“American Survivors: Trans-Pacific Memories of Hiroshima and Nagasaki” by Naoko Wake has been published by Cambridge University Press.
Using more than 130 oral histories of Japanese American and Korean American survivors, their family members, community activists, and physicians — most of which appear here for the first time — Wake reveals a cross-national history of war, illness, immigration, gender, family, and community from intimately personal perspectives.
This is a fresh and moving historical account of U.S. survivors of the Hiroshima and Nagasaki atomic bombings, breaking new ground not only in the study of World War II but also in the public understanding of nuclear weaponry. A truly trans-Pacific history, “American Survivors” challenges the dualistic distinction between Americans-as-victors and Japanese-as-victims often assumed by scholars of the nuclear war.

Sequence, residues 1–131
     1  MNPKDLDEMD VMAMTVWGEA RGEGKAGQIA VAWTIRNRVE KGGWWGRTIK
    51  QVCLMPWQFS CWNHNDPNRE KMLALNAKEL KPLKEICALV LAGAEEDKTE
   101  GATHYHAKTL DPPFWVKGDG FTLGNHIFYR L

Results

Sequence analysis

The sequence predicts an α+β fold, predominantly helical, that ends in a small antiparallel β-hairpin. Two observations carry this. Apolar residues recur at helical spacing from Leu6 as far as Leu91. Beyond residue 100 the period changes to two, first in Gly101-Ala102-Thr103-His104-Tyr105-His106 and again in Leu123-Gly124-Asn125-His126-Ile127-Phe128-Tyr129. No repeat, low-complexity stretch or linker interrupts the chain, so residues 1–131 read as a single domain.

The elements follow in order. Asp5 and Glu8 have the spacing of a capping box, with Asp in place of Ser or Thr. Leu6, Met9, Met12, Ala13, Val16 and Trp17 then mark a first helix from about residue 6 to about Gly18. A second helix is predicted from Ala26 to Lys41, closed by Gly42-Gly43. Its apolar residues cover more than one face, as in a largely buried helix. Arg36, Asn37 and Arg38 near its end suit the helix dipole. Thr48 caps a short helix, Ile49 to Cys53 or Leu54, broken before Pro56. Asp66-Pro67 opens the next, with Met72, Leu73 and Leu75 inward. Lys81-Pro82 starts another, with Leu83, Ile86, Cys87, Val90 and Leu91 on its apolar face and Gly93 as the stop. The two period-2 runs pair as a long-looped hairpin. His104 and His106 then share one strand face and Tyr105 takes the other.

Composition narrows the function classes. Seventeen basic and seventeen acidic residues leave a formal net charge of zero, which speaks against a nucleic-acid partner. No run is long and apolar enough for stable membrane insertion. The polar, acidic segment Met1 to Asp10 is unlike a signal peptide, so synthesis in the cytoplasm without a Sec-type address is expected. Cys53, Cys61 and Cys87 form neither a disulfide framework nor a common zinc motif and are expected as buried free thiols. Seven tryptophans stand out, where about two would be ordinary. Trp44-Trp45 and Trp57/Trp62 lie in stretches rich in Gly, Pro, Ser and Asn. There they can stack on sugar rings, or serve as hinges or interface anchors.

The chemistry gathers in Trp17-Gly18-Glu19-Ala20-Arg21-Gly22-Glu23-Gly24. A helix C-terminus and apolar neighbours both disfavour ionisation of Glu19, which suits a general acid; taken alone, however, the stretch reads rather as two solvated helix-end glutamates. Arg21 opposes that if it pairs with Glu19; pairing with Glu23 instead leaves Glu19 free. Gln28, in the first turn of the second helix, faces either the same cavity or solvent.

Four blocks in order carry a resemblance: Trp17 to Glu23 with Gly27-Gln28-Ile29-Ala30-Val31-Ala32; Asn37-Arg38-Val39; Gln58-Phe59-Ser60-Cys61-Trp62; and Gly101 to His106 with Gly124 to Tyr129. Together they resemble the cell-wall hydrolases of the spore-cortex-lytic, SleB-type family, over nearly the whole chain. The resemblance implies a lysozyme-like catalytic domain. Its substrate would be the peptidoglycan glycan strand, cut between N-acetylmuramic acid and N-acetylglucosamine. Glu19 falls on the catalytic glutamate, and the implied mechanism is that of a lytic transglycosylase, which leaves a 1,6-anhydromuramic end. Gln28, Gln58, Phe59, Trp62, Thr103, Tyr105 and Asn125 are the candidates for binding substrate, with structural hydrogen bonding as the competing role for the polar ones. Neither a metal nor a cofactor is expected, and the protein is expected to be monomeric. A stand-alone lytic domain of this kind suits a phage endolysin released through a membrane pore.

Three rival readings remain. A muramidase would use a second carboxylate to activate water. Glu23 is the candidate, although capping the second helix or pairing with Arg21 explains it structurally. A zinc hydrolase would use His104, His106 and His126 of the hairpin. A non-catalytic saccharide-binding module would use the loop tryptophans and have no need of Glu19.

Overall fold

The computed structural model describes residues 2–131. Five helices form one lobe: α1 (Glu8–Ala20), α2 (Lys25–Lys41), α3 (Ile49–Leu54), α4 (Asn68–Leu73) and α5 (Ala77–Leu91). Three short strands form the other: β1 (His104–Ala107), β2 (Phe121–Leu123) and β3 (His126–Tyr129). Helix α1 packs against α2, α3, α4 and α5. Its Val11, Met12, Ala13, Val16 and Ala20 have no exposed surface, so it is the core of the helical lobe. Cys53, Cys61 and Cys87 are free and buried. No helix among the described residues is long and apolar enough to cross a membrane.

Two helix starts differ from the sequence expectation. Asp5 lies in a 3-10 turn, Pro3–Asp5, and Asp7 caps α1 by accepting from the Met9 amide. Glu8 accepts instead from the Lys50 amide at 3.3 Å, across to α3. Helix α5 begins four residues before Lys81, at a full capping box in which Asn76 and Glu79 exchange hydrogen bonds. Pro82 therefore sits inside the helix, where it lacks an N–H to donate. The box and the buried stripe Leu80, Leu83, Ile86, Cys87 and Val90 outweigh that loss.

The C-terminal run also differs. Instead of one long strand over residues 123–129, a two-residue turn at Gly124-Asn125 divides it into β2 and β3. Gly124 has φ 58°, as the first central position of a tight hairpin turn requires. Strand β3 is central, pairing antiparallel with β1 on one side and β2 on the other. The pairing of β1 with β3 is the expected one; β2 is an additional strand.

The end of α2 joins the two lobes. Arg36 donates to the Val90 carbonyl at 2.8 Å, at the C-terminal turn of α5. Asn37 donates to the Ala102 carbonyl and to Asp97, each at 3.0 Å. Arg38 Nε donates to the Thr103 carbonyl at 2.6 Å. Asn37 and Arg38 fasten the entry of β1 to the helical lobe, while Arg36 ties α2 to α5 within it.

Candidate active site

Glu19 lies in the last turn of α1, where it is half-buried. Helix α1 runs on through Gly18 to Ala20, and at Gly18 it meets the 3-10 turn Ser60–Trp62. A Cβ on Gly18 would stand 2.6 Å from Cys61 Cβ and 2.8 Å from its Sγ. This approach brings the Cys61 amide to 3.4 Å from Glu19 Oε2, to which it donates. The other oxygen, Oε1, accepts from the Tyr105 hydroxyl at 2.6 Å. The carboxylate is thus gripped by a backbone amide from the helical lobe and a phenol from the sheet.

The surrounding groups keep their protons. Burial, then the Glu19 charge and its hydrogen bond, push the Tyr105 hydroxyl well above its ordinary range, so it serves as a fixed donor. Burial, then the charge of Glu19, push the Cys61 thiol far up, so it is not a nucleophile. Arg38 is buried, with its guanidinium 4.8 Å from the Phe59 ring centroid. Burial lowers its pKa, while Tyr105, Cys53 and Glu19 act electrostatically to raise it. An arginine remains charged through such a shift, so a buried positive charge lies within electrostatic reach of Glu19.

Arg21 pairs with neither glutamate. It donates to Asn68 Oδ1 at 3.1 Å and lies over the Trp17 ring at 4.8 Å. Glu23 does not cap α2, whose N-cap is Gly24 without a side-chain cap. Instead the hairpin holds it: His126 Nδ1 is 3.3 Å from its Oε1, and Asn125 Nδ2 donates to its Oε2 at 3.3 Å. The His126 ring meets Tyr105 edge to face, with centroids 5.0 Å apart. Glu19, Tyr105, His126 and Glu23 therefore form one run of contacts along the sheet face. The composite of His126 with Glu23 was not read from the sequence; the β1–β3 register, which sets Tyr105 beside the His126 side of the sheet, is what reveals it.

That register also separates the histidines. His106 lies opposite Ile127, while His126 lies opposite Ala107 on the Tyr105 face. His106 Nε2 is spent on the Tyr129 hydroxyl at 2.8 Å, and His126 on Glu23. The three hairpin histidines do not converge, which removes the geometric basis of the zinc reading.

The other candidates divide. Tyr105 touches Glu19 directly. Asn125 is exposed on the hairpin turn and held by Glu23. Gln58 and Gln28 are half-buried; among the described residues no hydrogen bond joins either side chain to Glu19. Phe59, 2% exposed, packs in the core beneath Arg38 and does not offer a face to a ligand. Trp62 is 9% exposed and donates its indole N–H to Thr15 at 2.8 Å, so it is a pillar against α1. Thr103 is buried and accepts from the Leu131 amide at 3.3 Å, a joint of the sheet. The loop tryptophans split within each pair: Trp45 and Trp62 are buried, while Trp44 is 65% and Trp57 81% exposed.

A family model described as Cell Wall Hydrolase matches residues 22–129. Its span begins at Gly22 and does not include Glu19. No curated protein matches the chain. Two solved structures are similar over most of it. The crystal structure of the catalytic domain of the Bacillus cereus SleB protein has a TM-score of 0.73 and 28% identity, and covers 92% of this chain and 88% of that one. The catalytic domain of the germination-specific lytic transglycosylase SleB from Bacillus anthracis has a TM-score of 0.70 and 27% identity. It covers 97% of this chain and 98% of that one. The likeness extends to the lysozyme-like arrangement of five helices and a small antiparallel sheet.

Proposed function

“American Survivors” brings to light the history of Hiroshima and Nagasaki that connects, as much as separates, people across time and national boundaries.
Wake is associate professor of History at Michigan State University. A historian of gender, sexuality, and illness in the Pacific region, she has authored “Private Practices: Harry Stack Sullivan, the Science of Homosexuality, and American Liberalism” and co-authored with Shinpei Takeda “Hiroshima/Nagasaki Beyond the Ocean.” She was born and raised in Japan.
“Ghostly figures, American survivors of their nation’s nuclear holocaust, speak for themselves and for those who failed to survive in profound utterances and silences, the living and the dead,” said Gary Okihiro, professor emeritus at Columbia University. “Their haunting testimonies, in translation, speak of the unspeakable and of life — remembering, forging connections with families and other survivors, and working for peace in and across the Pacific. Indeed, as Naoko Wake astutely observes, nuclear holocaust is by definition a global phenomenon for all times.”